Archive for the ‘orchards’ Category

Orchard update – Shepton Mallet

Wednesday, April 27th, 2011

The orchard is looking beautiful, the new trees are flowering,  the grass is growing, the trees are watered and mulched.   Whilst I look on with pride,  the Somerset aphid population, powerdy mildew and winter moths have silently moved in too.  So lesson number two when starting an orchard  “once you see the pest it is probably too late!”

My knowledge of pests and diseases is being tested!

Orchard & vegetable growing

Sunday, March 27th, 2011

I am growing my MM106 grafted fruit trees at 4m spacings in row and 5m between rows.  The rows are kept weed free and I am growing vegetables in some of the rows as are friends!

It was a weekend of mulching with muck, fencing and planting.

Pruning fruit trees

Thursday, February 3rd, 2011

Shepton Mallet Horticultural Society were treated to me talking about the winter pruning of apple trees!  A short presentation about “knowing your buds” and “understanding what is a good strong shape” was followed by an interactive session pruning two apple trees that I took in.  Pub staff were entertained by us ‘crazy gardeners’ carrying apple trees about in the dark whilst the small group of keen gardeners who attended, went home sure of the difference between fat flower buds and flat leafy buds; aware of competing leaders, wedge cuts, tapered leaders, bending down branches to encourage fruiting…

Planting the orchard – Shepton Mallet

Monday, December 6th, 2010

I used to tell my students that even the most experienced gardener will not know everything, in our business there is always something new to learn.  Our seasons are becoming increasingly unpredictable and right now the heavens seem to have forgotten that it is planting time and I didn’t check the weather forecast before collecting my 160 bare root apple trees.  So there is my new lesson!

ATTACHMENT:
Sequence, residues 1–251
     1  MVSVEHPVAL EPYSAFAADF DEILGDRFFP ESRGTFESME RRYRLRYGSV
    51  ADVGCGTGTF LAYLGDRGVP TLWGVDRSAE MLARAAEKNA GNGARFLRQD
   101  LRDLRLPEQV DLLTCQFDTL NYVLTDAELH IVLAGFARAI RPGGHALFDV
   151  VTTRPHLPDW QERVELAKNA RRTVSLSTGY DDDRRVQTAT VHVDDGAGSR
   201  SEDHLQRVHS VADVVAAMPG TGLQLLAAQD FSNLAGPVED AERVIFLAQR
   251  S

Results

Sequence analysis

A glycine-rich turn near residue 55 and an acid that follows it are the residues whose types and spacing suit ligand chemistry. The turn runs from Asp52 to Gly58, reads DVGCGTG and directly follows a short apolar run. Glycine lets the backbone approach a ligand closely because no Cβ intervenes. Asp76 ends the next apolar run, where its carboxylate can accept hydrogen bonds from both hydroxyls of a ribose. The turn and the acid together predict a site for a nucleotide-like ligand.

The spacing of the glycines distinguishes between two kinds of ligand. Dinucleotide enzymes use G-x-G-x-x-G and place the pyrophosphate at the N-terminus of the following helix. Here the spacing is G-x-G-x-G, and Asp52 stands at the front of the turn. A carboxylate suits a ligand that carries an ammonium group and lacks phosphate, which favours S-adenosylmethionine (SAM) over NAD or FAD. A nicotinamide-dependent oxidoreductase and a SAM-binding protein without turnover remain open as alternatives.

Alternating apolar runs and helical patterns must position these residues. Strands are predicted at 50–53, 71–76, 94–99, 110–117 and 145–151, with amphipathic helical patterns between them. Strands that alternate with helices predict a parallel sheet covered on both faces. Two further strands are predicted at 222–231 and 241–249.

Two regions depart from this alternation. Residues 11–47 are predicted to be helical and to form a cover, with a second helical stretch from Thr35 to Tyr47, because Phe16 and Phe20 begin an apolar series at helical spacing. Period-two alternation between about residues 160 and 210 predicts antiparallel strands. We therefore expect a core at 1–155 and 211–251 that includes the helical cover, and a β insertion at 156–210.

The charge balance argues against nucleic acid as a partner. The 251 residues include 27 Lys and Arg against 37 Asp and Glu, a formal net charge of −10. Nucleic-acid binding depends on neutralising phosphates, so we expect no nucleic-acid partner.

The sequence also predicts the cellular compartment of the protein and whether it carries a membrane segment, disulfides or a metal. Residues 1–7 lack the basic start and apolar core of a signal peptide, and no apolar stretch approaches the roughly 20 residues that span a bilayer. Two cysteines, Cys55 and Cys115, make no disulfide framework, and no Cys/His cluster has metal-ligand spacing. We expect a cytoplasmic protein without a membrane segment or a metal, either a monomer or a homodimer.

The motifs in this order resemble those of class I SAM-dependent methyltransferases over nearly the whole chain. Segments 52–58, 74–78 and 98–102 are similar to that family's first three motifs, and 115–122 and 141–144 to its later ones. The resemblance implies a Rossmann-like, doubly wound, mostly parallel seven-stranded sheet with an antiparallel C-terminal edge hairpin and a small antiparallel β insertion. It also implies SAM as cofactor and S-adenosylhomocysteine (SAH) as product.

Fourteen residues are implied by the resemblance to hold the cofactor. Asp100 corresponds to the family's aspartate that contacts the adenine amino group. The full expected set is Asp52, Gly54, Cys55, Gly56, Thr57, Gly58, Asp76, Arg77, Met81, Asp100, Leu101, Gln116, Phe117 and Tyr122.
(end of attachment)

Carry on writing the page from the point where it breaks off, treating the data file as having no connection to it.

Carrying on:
Planting conditions are far from perfect at the moment however despite the frozen crust I have managed to plant 70 of my trees.  Keeping the frozen soil separate, the ground beneath is moist and thawed.  I am using mycorrhiza around the roots and securing the trees with short hardwood stakes.  My rows face North – South and I am positioning the strongest root towards the North (ref: The Apple Grower: a guide to the organic orchadist; Michael Phillips) as this is how they would probably have been growing on the nursery 10 days ago.

Apple pruning – Gloucestershire

Monday, February 22nd, 2010

Formative pruning of apple trees - when apple trees are this young it is important to prune for strength, spacing of branches and formation of apple spurs.

pruning gang

Chelsea inspired garden – Gloucestershire

Monday, August 17th, 2009

This is a lovely site attached to a large country house with a swimming pool and horse stables however the budget was quite tight given the scale of the project.  At Chelsea this year I was inspired by the planting in one of the borders in Luciano Giubbilei’s Laurent Perrier garden: the rich burgundy reds, deep blues and feathery fennel.  In this project, close to the house, I used Astrantia ‘Claret’, A. ‘Hadspen Blood’, Salvia carrodona, Paeonia ‘Buckeye Belle’, Papaver ‘Manhattan’, Cirsium atropurpureum, deep blue iris and bronze fennel set amongst box cubes to a similar effect.  I particularly love the large cupped, burgundy flowers of the poppy and paeony so delicate and short lived, the veils of filligree fennel and the solid green box cubes which dominate through out the winter months.


The garden was almost a blank canvas, I used a large pergola and avenues of planting to create a formal layout subdivided into areas that flow from one to the other.  The garden is laid out on a new axis to draw the eye away from the boundary fence and into the garden.  I used a grid framework of longer grass as a low cost solution to creating structure, these will be planted with bold blocks of Narcissus poeticus.

plan  planting plan 1 of 5